If you’re in the process of separating but don’t know how the custody of your children will be decided – we’re here to help.
During divorce proceedings, the court itself does not make parenting orders based on the application. It only requires you to prove ‘arrangements for their day-to-day care, maintenance, and other aspects of their welfare’ have been made as part of the application process.
If both parties are able to agree on an arrangement for their children’s living, financial, health and education needs, a parenting plan can be written up and signed by both parties. The plan is used to outline the responsibilities of the parents.
While a parenting plan is not a legally enforceable agreement, it is usually a good option if the relationship ended well. It does not require the courts involvement, keeping costs down and allowing for flexibility between the parents, such as if your roster for work changed.
If an agreement cannot not be reached between the parents, a Parenting Order can be made through the courts. This is a separate legal process from a divorce and lets the court decide on the living and caring arrangements that would be in the best interests of the child.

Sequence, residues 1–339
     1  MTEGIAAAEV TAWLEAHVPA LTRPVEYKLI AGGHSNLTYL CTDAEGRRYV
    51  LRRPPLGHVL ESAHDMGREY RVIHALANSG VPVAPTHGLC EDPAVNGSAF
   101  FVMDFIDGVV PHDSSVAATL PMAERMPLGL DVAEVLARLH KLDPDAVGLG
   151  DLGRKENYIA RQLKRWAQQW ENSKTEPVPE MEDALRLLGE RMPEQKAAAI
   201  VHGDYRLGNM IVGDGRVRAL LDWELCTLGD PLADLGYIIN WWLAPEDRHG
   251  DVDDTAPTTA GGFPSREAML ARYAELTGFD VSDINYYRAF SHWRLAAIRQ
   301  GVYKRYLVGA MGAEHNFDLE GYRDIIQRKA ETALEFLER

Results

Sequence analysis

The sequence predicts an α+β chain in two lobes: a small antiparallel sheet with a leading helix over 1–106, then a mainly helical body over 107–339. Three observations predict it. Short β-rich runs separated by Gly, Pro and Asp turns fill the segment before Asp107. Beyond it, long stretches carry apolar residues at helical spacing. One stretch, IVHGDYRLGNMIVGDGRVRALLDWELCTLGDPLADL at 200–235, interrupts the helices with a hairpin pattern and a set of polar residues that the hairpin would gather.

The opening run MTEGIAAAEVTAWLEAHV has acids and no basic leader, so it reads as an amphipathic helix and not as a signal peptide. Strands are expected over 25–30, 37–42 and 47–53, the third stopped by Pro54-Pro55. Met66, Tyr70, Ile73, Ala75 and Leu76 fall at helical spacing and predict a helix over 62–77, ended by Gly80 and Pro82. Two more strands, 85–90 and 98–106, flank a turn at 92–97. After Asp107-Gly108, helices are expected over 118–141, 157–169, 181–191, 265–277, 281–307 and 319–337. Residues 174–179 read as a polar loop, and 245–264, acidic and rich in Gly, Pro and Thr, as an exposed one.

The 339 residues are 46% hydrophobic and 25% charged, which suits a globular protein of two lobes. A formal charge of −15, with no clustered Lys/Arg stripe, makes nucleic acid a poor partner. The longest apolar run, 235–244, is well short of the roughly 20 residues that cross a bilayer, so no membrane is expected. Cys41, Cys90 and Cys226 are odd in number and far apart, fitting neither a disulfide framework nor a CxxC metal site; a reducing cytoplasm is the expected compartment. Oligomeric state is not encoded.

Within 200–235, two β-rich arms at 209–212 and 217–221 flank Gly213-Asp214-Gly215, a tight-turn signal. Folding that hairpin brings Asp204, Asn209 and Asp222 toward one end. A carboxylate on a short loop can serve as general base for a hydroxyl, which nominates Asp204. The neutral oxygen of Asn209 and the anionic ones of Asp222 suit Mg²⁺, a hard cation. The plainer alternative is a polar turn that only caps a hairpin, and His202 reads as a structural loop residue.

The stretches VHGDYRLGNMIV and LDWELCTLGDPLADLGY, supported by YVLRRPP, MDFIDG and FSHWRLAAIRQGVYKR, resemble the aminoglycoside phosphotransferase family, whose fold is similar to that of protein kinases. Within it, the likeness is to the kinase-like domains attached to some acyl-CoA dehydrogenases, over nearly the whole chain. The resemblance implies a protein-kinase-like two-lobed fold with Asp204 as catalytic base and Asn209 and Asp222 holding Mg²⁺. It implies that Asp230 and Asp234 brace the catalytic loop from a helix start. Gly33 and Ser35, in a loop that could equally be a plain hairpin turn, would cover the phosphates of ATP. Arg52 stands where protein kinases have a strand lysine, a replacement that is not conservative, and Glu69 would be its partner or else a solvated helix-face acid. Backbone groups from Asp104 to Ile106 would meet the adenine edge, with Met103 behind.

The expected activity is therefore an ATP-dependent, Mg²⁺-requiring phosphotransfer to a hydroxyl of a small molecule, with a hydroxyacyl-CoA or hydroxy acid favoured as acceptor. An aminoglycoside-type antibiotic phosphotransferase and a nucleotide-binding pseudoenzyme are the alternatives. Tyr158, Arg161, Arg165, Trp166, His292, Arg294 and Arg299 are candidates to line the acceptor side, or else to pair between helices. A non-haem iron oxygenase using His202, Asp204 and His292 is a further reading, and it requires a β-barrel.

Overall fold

The courts decision creates the outline of the order and can cover areas such as who the child lives with, how much time they spend with either parent, how major life decisions will be made and how the child can communicate with family members they are not living with.
Typically these orders are made when parents cannot reach an agreement on the child’s living situation after a divorce or in cases where a child is in danger or at risk.
Thankfully, not all divorces are accompanied by a court room battle for custody and being willing to negotiate with your ex-partner will save you both time and money.
But in the cases where an agreement can’t be reached, Family Law is there to guide the courts on what to consider and what resolution is right for the situation.
At Frost & Associates, Family Law is our area of specialty and we can provide the right advice for your case and help you understand how it applies to your circumstances.
If you have concerns or want to learn more about how custody is decided, get in touch for advice tailored to your situation.